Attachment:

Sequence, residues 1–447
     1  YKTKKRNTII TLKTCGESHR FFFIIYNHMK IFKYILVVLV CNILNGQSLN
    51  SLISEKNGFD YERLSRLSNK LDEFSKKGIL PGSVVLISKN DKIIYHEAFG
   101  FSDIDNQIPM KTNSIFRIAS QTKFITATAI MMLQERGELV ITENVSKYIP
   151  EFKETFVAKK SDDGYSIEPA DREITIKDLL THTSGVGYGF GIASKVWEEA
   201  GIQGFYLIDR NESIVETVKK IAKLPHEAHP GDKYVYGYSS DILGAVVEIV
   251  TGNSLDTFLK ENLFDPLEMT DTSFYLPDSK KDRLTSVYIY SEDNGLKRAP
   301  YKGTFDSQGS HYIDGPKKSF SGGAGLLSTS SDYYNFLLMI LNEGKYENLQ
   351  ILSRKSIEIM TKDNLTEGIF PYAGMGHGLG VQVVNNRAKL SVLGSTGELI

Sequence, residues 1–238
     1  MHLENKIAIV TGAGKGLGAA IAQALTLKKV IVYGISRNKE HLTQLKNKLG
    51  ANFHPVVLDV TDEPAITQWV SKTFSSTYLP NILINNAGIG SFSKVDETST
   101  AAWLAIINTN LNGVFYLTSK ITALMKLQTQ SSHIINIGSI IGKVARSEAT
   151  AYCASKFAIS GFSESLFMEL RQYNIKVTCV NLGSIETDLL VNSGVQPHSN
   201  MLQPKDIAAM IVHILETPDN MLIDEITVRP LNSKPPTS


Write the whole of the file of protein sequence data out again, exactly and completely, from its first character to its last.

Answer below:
Sequence, residues 1–447
     1  YKTKKRNTII TLKTCGESHR FFFIIYNHMK IFKYILVVLV CNILNGQSLN
    51  SLISEKNGFD YERLSRLSNK LDEFSKKGIL PGSVVLISKN DKIIYHEAFG
   101  FSDIDNQIPM KTNSIFRIAS QTKFITATAI MMLQERGELV ITENVSKYIP
   151  EFKETFVAKK SDDGYSIEPA DREITIKDLL THTSGVGYGF GIASKVWEEA
   201  GIQGFYLIDR NESIVETVKK IAKLPHEAHP GDKYVYGYSS DILGAVVEIV
   251  TGNSLDTFLK ENLFDPLEMT DTSFYLPDSK KDRLTSVYIY SEDNGLKRAP
   301  YKGTFDSQGS HYIDGPKKSF SGGAGLLSTS SDYYNFLLMI LNEGKYENLQ
   351  ILSRKSIEIM TKDNLTEGIF PYAGMGHGLG VQVVNNRAKL SVLGSTGELI

Sequence, residues 1–238
     1  MHLENKIAIV TGAGKGLGAA IAQALTLKKV IVYGISRNKE HLTQLKNKLG
    51  ANFHPVVLDV TDEPAITQWV SKTFSSTYLP NILINNAGIG SFSKVDETST
   101  AAWLAIINTN LNGVFYLTSK ITALMKLQTQ SSHIINIGSI IGKVARSEAT
   151  AYCASKFAIS GFSESLFMEL RQYNIKVTCV NLGSIETDLL VNSGVQPHSN
   201  MLQPKDIAAM IVHILETPDN MLIDEITVRP LNSKPPTS